The EPA’s chief environmental regulator Mark Gifford said the results appear to show an anomaly, which required further investigation.

Commenting in a statement released by Groundswell Gloucester, water resources engineer Jeff Kite said the spike in the levels of monoethanolamine near the fracking site was alarming.

“A monitoring bore sample, taken from between two fracked wells which are only 800m apart on November 17, showed less than one part per billion of this chemical,” he said.

“After completion of fracking on November 20, the concentration was 60 parts per billion.

“That is 60 times the pre-fracking reading. AGL’s Environmental Protection Licence (EPL) requires a zero concentration be present at testing sites.

“The delay between the spike occurring and AGL’s awareness of it, is a huge problem.

“It’s not so much the concentration that’s a worry, it’s the significant increase, across eight different monitoring locations on one day, that suggests fracking chemicals travelled a lot further than AGL expected.”

AGL provided the data to the EPA on January 13 prior to publishing the data on its website.

MidCoast Water said the detection of traces of a chemical used in fracking supported the need for longer background sampling of potential contaminants in local waterways.

The authority said on the day the monoethanolmine was detected there was no river flow and very little groundwater flow. Sampling on two following days returned negative results.

“While MidCoast Water has confirmed the extremely low levels detected and lack of river flow at the time combined to pose no problems for the water supply, longer background sampling of all potential contaminants and not short term sampling would allow for a better understanding of background water quality,” general manager Robert Loadsman said.

AGL was required to undertake a risk assessment of monoethanolamine borate as part of its application to conduct hydraulic fracturing at Waukivory.

The chemical was approved by the Office of Coal Seam Gas for use in the fracking operations at Waukivory.

Groundswell Gloucester said even more disturbing was the lack of test results for another chemical, Tolcide (THPS; Hydroxymethylnasulfate).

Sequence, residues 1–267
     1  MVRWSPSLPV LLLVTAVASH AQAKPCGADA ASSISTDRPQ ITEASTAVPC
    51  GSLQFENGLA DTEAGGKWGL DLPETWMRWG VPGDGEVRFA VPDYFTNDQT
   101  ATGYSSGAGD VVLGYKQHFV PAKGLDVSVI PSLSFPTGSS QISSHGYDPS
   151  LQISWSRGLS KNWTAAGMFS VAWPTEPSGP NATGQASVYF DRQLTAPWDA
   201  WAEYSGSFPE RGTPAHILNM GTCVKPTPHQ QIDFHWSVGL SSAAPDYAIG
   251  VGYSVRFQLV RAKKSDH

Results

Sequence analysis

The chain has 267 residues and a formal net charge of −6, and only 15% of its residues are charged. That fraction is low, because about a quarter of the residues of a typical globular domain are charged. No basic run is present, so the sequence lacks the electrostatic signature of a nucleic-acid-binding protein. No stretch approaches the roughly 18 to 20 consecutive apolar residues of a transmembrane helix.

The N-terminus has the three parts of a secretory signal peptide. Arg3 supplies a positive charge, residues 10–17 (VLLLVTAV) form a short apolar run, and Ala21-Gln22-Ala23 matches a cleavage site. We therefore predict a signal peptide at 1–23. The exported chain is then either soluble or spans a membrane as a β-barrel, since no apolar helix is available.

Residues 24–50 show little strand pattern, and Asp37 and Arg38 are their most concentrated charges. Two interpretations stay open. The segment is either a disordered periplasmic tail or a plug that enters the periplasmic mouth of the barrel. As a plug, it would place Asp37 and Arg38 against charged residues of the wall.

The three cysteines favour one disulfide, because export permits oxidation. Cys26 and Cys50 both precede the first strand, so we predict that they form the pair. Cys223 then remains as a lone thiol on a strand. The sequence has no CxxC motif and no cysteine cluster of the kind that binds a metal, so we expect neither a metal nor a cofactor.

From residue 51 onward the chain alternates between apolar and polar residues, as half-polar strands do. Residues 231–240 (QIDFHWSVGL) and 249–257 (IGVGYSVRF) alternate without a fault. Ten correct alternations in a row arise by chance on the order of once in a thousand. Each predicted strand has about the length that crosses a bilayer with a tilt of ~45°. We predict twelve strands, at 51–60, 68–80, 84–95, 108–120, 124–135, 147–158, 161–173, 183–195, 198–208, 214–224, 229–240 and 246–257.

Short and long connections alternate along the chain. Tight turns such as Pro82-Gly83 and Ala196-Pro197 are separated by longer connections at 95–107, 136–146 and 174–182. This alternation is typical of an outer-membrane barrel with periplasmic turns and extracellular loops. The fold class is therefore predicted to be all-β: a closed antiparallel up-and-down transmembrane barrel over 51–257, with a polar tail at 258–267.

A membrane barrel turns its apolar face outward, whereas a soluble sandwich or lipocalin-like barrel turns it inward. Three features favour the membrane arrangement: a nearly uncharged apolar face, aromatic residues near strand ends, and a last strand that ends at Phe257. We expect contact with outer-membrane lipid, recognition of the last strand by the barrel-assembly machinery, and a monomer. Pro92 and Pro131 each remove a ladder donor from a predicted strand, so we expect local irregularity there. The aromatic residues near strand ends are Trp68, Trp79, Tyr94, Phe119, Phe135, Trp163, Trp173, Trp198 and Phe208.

“They’re not in the report at all, even though the EPA requires a zero detection limit for this chemical and requires AGL to test for it,” Groundswell spokesman John Watts said.

“AGL’s report states that the EPA didn’t approve the methodology for testing Tolcide levels until December 19, after all four wells had been fracked.”

THPS is a biocide used to kill bacteria in the well. It is considered by water authorities to be extremely toxic to aquatic organisms found in wastewater plants.

AGL said water samples taken during the fracking process were being analysed for THPS levels.

The company said its fugitive methane emissions monitoring in Gloucester during the Waukivory Pilot found “no significant change” to baseline levels recorded before hydraulic fracturing.

AGL fracked four existing Waukivory pilot wells between October 27 and November 26 last year.

Methane emissions monitoring was conducted on November 7, during the hydraulic fracturing phase of the pilot.

“The monitoring was undertaken using the highly sensitive Picarro device which was fitted to a vehicle driven from AGL’s Gloucester site office, along Bucketts Way, Jacks Rd and Fairbairns Rd,” a spokeswoman said.

“Pacific Environment’s interim report to AGL showed “no significant change in ambient methane concentrations detected … when comparing data sets pre and post fracture stimulation.”

The EPA said it would review AGL’s monitoring data and determine the next steps once the analysis was complete.

The Greens spokesman on mining Jeremy Buckingham said the “community’s worst fears had been realised” and called for a complete ban on coal seam gas in NSW.

Story courtesy of the Gloucester Advocate.